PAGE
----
I’ve been a single mom for a long time. It’s very much a part of my identity. My former husband has always played a role in our son’s life, which I’m so thankful for, but on a day-to-day basis it’s just me and Jake.
Sometimes I wonder if MS is part of the reason I’m a single mom. I recently came across a really interesting article online that cited a study showing that divorce and separation rates are consistently higher among couples in which one person has a disability or chronic illness.
The study, by the Fred Hutchinson Cancer Research Center, found that 96% of breakups among couples with MS involved a situation in which the woman was the person living with MS. Yes, the rate of MS is higher in women, but that percentage is still alarming.
Another finding: The longer that people had been married, the more likely they were to stick together after a diagnosis.
When I read those statistics, I realized the odds were against Andy and I. We were married in May of 1992 — I was a mere 21 years old and he was 25. On Dec. 22, 1993, we welcomed a healthy, happy baby boy named Jake. Eight months later, my recurrent optic neuritis convinced my eye doctor to run some tests to rule out a few things. The MRI showed MS lesions, some of which I likely had since I was 12 when I lost the vision in my left eye.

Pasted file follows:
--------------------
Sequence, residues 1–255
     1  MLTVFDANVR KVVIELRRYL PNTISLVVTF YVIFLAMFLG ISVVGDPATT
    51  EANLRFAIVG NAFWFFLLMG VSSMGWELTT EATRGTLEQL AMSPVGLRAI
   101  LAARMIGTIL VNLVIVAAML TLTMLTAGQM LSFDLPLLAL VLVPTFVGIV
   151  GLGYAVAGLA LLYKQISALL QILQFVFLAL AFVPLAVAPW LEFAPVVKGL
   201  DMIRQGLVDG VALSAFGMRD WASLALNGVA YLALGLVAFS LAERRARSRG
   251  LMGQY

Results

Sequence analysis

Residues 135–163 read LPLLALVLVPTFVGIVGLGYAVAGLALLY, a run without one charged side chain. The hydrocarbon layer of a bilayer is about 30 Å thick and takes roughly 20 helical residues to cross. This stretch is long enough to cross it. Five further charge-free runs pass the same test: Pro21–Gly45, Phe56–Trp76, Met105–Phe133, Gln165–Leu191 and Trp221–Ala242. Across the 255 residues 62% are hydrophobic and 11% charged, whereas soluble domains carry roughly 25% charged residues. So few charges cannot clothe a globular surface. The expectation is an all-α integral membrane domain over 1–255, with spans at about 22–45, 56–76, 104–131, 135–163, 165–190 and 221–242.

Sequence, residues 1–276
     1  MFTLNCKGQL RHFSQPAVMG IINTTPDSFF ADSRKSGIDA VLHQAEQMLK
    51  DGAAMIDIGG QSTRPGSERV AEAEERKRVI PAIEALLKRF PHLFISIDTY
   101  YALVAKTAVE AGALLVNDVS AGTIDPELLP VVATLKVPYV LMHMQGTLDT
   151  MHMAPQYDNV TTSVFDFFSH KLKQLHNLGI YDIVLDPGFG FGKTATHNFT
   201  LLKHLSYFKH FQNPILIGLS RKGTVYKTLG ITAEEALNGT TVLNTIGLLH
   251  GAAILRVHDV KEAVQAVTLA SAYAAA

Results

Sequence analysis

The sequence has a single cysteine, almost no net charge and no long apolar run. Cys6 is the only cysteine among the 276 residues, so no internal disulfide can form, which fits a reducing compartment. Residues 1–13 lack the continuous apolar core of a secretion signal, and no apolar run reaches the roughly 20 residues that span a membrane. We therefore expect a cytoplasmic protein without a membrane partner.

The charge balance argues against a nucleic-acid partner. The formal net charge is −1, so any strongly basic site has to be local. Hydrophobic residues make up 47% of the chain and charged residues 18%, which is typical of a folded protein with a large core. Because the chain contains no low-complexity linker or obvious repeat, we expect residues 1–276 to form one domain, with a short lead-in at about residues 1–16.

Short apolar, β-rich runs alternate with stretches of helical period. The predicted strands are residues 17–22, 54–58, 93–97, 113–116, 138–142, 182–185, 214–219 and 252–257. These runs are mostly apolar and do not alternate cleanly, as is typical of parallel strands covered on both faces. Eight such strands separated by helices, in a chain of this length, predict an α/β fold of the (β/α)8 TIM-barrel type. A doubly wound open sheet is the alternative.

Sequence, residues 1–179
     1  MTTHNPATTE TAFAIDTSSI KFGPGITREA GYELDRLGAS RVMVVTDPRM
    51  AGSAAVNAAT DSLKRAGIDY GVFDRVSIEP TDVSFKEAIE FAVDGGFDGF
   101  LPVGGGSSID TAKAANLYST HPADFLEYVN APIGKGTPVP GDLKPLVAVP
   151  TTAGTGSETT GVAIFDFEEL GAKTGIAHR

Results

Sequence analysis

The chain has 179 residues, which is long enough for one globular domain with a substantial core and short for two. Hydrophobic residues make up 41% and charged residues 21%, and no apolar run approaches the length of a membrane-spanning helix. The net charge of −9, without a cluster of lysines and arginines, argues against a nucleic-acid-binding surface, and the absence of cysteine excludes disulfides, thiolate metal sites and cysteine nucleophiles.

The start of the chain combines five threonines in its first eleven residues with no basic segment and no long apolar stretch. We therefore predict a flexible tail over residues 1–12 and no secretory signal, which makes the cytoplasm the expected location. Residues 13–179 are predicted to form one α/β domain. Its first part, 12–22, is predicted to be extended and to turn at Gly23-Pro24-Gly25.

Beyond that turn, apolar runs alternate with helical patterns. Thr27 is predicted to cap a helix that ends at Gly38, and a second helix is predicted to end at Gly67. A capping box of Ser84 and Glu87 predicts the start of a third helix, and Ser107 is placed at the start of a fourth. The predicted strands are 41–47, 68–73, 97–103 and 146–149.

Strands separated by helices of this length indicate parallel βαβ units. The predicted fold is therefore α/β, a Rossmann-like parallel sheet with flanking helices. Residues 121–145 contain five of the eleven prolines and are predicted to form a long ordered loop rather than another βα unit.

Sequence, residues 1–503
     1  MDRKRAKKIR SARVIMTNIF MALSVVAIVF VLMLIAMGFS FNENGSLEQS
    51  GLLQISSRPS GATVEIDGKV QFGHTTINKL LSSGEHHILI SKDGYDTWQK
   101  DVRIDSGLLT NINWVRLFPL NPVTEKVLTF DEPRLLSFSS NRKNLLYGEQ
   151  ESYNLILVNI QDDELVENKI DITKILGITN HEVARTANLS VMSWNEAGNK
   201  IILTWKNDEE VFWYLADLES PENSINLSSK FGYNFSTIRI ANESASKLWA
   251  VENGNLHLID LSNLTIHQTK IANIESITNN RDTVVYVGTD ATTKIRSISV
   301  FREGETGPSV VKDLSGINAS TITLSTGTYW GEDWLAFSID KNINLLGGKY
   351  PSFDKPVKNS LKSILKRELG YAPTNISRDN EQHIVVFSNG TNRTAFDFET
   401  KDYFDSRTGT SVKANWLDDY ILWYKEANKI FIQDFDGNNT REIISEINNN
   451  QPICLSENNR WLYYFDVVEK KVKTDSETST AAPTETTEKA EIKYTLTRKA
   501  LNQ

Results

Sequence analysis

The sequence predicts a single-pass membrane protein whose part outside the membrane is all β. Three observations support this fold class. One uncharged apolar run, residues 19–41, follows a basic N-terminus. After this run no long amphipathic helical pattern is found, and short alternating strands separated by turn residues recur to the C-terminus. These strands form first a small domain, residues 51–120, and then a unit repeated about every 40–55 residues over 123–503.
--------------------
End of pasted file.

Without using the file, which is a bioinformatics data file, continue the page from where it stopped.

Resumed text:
Fast forward to over a year later, and I was moving out of the house that Andy and I had built together. We would soon file for divorce. It wasn’t something that I ever envisioned for myself, or wanted for my family. We’ve remained friends and have done our best to parent Jake together; and I think we’ve done a pretty good job if Jake is any reflection! There are plenty of days I wish we had been older, wiser and stronger. Strong enough to beat the odds and survive — even thrive — as a family.
Yet, I’m also a big believer that everything happens for a reason. I believe that raising Jake mostly on my own, when mom is sometimes “sick,” has been a good thing. He’s extremely compassionate, very empathetic, and incredibly loving.
I’m not saying he’s this way because his mom has lived with MS for almost his whole life, but I can’t help but think it has played a role in shaping the wonderful young man he is today at age 18.
I didn’t ask for MS and I didn’t want my marriage to end. But stuff happens. For better or for worse. I’d like to think for the better.